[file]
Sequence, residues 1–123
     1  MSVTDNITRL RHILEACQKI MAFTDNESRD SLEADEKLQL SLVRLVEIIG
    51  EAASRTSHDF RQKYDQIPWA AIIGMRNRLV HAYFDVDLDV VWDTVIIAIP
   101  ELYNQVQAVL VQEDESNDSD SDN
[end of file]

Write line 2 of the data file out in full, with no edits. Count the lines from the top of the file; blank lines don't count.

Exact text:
     1  MSVTDNITRL RHILEACQKI MAFTDNESRD SLEADEKLQL SLVRLVEIIG